Lately, my wife and I have been trying to teach our four-year-old daughter the value of picking up after herself.
It has been a struggle.
One of us will tell our little girl, “I see shoes in front of your door. I see a doll next to mommy and daddy’s bed. I see a headband under the kitchen table.” Usually, thank God, our little one responds quickly, running to pick up her belongings to put them away.
But it isn’t always that easy. Especially on my feet.
Why, oh why is toy food made out of DIAMONDS?
Yes, of course, we want the munchkin to learn the importance of taking care of her possessions and treating her belongings with more respect and how we can’t get new things if we don’t clean up our old things and how we need to be responsible with what we have and blah blah blah. But we also just have gotten tired of stepping on her stuff in her room. Especially in the dark.
For what seemed like an endless 6-month period, my daughter would wake up in the middle of the night, crying because she was scared, lonely, or even simply cold. Every night at around 1:30AM, like clockwork, I’d hear the same cry: ““Daaaaaaaaaaaaddy!”
And so, like the doting (grumbling) dad that I am, I would roll out of bed, stumble down the hallway into my daughter’s room to graciously (groggily) ask her what was wrong. But before I could reach her with love (fatigue), I would accidentally stomp on the surprisingly sharp face of Elsa (or maybe it was Anna?). Instead of whispering words of comfort to my daughter, as intended, I’d mumble words of exasperation that sentenced her Elsa (Anna?) doll to a lonely night in the closet.
Over that 6-month period, it was an almost nightly routine. I would stumble into my daughter’s room, impaling my foot as I tried to feel my way through the dark.
Because, you know, I can’t see in the dark. I don’t have sweet night-vision goggles. I don’t even have a cool, primitive sonar capacity that would allow for even cooler echolocation navigation. Needless to say, my ability to make my way through my home without sight would embarrass Matt Murdock.
So why not just turn on the lights?
At 1:30AM, even the softest light feels blinding to my sleepy eyes. My retinas prefer the comfort of darkness to the blinding flash of a light bulb. Yet that choice always comes with a cost, as it leaves me unaware of the mess in front of me. My eyes avoid pain in the dark, but my feet usually don’t.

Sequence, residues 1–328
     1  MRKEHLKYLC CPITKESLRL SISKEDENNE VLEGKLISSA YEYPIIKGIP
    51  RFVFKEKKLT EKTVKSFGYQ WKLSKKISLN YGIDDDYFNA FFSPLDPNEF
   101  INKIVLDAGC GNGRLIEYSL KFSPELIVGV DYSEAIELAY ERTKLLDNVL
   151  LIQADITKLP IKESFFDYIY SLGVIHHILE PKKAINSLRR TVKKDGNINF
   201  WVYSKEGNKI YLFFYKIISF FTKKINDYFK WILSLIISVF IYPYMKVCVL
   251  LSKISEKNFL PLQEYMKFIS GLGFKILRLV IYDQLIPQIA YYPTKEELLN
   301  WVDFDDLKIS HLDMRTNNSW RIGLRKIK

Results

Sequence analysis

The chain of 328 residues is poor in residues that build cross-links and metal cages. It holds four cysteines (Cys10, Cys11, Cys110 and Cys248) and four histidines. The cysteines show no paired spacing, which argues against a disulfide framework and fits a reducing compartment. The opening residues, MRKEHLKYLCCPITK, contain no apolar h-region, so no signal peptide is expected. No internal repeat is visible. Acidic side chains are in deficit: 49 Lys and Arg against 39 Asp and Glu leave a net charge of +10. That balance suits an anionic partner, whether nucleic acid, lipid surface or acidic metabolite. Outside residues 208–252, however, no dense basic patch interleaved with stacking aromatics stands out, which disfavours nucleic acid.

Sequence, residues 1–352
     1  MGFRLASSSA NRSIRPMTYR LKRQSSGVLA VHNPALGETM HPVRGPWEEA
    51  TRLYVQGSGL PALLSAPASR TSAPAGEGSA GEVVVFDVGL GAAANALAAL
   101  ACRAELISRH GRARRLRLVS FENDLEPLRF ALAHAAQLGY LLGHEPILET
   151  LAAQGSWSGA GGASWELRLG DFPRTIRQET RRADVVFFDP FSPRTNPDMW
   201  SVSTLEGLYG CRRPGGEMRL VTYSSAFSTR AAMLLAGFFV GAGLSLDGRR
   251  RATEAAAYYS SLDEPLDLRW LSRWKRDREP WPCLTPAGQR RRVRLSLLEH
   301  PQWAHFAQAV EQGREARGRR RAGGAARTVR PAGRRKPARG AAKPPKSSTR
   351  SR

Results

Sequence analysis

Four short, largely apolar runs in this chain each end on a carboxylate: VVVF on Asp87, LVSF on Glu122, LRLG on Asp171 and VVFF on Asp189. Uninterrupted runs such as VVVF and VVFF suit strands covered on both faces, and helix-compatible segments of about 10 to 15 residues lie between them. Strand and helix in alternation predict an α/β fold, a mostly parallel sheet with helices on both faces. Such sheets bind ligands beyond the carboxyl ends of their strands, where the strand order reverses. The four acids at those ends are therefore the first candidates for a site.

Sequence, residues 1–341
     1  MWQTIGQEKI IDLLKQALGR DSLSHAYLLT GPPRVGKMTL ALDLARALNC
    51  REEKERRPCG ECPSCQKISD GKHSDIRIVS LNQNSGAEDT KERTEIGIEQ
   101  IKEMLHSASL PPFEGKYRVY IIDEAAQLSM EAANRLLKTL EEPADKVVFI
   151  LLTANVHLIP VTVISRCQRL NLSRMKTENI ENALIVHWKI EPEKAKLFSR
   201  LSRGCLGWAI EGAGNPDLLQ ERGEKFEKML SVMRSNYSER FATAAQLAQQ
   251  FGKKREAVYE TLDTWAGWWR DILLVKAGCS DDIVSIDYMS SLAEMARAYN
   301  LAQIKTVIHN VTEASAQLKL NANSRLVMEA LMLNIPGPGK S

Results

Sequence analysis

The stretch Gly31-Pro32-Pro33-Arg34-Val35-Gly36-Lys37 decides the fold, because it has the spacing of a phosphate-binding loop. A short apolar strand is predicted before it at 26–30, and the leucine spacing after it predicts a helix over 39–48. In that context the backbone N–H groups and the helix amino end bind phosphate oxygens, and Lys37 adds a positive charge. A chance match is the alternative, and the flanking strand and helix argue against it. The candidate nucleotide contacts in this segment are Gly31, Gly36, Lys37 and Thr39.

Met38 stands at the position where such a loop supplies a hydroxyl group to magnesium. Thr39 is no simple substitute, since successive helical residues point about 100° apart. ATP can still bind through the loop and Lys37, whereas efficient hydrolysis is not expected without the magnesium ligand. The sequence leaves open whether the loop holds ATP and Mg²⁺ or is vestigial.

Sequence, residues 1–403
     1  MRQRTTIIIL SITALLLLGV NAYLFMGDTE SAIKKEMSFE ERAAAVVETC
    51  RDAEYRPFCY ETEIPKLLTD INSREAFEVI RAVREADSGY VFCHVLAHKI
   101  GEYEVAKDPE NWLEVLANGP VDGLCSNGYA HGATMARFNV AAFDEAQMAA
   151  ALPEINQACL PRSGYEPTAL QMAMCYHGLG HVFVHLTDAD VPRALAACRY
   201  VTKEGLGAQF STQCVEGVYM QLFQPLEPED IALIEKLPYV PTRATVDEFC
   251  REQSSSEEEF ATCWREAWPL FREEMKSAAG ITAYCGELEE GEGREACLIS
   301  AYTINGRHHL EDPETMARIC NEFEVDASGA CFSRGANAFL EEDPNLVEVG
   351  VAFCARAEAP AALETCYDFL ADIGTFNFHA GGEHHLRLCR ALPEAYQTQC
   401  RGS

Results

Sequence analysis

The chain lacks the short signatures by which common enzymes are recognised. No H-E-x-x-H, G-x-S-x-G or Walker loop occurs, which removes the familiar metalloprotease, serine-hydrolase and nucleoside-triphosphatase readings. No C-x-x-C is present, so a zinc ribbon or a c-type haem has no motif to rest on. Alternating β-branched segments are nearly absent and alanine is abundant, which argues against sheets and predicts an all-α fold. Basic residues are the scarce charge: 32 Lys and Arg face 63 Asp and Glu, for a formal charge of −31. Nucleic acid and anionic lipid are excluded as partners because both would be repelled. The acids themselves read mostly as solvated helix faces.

At 1:30AM, darkness is both friend and foe: friend because, in itself, it doesn’t hurt; foe because it keeps me from seeing the truth of the mess around me, and I become far more likely to get hurt.
Turning on the light to see the mess isn’t exactly that enjoyable, but it’s the only way to avoid stomping on sharp toys.
This coming Sunday, we will hear about Christ encountering a woman, Photini (“the enlightened one”), at a well. I am particularly struck by one of her lines in the story: “Come, see a man who told me all that I ever did. Can this be the Christ?” (Jn. 4:29).
When we meet Photini, Christ is sitting near Jacob’s Well. She comes to get some water, and Christ asks her for a drink. This simple conversation starter leads to a great amount of discourse in which Christ shares that this water, while it may slake her thirst now, will cause her to thirst again later.
Christ then offers her living water, telling her that “whoever drinks of the water that I will give him will never thirst; the water that I shall give him will become in him a spring of water welling up to eternal life” (Jn. 4:14). Photini’s response to this is exactly what it should be: “Sir, give me this water” (Jn. 4:15).
But then, what follows is not what she expected.
When Christ tells her to call her husband (Jn. 4:16), she responds that she has no husband (Jn. 4:17). Christ then tells her, “You are right…you have had five husbands, and he whom you now have is not your husband; this you said truly” (Jn. 4:18).
And just like that, the lights are turned on, and Photini becomes “the enlightened one.”
Her sin is exposed. This encounter with Christ reveals something about her.
And it hurts.
When we stumble around in the dark, it is easy to pretend that we are just “a little clumsy,” but when the lights come on, we begin to see this room is a mess – this room is my mess.
Photini experienced this. And we must experience it, too.
If we are going to come to know Christ as Savior, it can only happen as we come to recognize that He is Savior because we stand in need of being saved. To see this, we must see ourselves clearly.